Fragments of a Faith Forgotten

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Fragments of a Faith Forgotten

By G.R.S. Mead


LET us now return to the historical twilight of the second century, and turn our attention to the great Basilidian and Valentinian developments. But before doing so, it will be convenient to give a brief sketch of the great and contemporaneous Marcionite movement, which at one time threatened to absorb the whole of Christendom. The method of this school was the direct prototype of the method of modern criticism. Its conclusions, however, were far more sweeping; for it not only rejected the Old Testament entirely, but also the whole of the documents of the "in order that it might be fulfilled" school of Gospel-compilation.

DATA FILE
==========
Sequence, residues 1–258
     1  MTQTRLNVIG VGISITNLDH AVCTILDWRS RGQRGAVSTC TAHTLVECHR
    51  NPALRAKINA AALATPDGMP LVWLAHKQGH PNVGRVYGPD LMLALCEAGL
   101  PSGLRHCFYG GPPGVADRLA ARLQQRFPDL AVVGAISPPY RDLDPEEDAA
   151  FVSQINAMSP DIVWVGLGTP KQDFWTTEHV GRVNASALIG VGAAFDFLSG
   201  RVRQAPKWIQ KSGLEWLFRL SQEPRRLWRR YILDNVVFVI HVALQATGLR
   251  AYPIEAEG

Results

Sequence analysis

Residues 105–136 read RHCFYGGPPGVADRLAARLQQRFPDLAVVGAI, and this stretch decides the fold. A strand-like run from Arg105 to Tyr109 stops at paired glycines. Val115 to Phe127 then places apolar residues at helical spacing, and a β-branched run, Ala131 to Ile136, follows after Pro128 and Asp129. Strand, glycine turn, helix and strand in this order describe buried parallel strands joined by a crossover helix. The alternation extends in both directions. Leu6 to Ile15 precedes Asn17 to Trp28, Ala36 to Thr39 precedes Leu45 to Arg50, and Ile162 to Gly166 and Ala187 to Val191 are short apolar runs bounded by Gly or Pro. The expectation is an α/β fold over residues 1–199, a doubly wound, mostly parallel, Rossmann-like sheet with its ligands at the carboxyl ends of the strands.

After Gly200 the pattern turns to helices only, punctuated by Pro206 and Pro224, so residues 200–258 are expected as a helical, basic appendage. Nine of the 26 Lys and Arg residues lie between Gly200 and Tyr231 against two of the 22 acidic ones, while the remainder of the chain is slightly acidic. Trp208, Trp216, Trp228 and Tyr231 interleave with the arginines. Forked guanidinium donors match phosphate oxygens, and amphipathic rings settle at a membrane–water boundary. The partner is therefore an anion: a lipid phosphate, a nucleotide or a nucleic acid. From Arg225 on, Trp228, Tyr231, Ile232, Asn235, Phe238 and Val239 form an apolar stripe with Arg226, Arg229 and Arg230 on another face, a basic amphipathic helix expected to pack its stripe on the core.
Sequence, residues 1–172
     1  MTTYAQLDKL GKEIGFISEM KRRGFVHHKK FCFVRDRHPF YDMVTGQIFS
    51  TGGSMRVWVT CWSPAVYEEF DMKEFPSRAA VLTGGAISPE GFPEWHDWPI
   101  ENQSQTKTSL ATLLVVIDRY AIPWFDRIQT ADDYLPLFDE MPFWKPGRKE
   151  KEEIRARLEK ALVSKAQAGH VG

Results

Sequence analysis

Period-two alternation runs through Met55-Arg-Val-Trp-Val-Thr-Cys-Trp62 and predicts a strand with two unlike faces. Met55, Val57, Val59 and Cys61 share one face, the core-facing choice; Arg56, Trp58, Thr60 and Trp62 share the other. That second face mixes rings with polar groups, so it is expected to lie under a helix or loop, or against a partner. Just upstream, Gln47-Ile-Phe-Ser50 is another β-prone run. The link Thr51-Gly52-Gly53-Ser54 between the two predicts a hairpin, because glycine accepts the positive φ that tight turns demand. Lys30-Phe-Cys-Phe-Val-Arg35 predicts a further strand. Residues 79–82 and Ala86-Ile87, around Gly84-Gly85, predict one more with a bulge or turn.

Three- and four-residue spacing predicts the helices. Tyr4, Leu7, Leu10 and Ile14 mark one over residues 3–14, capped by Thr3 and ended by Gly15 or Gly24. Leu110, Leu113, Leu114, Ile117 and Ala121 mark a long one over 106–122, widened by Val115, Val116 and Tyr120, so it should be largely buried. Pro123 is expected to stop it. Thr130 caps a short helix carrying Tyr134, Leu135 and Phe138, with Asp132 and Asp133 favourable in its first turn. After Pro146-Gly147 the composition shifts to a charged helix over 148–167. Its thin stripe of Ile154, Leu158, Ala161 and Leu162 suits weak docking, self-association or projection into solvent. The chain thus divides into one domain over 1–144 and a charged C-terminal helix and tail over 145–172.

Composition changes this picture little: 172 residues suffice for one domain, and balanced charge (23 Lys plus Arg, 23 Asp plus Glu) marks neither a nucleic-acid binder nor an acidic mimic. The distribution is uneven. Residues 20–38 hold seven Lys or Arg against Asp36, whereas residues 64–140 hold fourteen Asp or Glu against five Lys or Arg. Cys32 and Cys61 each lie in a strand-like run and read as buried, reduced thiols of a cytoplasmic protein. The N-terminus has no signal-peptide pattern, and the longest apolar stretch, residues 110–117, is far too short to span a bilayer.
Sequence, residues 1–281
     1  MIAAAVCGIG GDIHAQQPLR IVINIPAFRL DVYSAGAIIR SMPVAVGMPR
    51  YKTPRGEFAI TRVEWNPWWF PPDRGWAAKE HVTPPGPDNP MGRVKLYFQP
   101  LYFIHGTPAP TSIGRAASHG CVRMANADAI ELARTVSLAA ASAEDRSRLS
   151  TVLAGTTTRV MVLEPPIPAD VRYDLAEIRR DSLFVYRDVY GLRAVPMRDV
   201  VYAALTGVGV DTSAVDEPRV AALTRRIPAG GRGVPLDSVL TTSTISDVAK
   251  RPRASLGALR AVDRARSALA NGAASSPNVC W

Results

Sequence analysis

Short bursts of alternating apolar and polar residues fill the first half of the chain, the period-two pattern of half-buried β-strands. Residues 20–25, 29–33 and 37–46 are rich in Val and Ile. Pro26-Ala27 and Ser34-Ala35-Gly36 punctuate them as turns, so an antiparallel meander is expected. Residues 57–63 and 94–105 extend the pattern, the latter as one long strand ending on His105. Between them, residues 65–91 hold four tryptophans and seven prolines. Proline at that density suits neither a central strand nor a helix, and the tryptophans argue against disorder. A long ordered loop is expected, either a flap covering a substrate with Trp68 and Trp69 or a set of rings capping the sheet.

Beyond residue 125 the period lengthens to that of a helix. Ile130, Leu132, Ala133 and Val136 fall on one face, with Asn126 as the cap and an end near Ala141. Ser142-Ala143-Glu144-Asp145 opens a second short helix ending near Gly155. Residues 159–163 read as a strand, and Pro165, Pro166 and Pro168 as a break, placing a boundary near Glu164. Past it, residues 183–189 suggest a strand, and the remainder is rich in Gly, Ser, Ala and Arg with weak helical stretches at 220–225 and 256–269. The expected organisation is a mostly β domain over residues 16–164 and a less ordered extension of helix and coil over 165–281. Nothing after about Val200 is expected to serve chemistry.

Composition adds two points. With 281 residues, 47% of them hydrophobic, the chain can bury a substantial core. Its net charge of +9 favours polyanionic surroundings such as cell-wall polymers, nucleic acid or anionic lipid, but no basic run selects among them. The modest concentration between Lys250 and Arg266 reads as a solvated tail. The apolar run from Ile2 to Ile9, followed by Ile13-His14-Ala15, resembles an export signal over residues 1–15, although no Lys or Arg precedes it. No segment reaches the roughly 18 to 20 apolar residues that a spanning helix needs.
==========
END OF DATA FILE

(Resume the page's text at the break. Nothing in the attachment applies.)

The predecessor of Marcion is said to have been a certain Cerdo, of Syrian extraction, who flourished at Rome about 135 A.D. But the fame of Marcion so eclipsed the name of his preceptor, that Patristic writers frequently confuse not only their teachings but even the men themselves. It is interesting to note that, though Cerdo's relationship with the Church of Rome was unsettled, no distinct sentence of excommunication is recorded against him; it would, therefore, appear that the idea of a rigid canon of orthodoxy was not yet developed even in the exclusive mind of the Roman presbytery. It was no doubt the success of Marcion that precipitated the formulation of the idea of the canon in the mind of the Roman church, the pioneer of subsequent orthodoxy.



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